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Taking advantage of the fact that Internet Society’s CEO, Kathy Brown, and I were both in India last month, we visited one of our Wireless for Communities (W4C) sites in Tilonia, located in Rajasthan state.

Located some 380km from Delhi in a rural location, the W4C Tilonia site is based at the Barefoot College campus, and is a self-reliant model village – from generating their own solar electricity to sustainable water harvesting. They also run a community education programme teaching people from around the world skills to help them empower their local communities.

The W4C programme has been running since 2010 and it adopts a holistic approach to empowering rural communities with digital skills and tools. Establishing W4C in Tilonia was a natural meeting of the two programmes.

The impact was plain to see. Both the old and new campuses of Barefoot College in Tilonia are now linked to each other by point-to-point WiFi, and each campus has a local WiFi network that connects everything from schools to community radio stations. The administration of the campus has now gone paperless – with all work being done online. The community education programme uses Internet and ICT technology extensively and it was amazing to see tablet computers and large screen TVs being used to teach electronic kit assembly to the ‘Solar Mamas’. These Solar Mamas keep in touch with family back home using Internet messaging apps. The Internet truly permeates through everything at Barefoot College.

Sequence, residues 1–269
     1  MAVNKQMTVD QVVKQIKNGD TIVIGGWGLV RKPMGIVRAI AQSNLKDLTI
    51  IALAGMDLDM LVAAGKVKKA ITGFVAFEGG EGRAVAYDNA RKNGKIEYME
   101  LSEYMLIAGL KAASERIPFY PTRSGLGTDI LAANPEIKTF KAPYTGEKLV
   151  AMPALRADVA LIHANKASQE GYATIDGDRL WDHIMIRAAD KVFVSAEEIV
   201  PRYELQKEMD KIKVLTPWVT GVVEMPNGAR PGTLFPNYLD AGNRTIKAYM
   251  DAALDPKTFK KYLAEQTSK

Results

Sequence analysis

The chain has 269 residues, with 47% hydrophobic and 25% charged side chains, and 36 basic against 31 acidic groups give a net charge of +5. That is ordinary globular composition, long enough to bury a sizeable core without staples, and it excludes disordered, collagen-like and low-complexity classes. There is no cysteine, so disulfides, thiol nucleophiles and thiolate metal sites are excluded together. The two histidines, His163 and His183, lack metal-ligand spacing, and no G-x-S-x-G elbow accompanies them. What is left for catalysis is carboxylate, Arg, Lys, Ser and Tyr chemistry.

One of the most touching scenes was seeing a classroom full of young girls during their midday break all queuing up in an orderly fashion to get their 10 minutes each at a computer. The wonder and curiosity in their eyes – and their patience waiting for their turn – was truly remarkable. And all the more reason, that we must make the Internet of Opportunity available to everyone, everywhere.

You can follow Kathy and my journey to W4C Tilonia on storify here and there is a video of our visit here.

Disclaimer: Viewpoints expressed in this post are those of the author and may or may not reflect official Internet Society positions.

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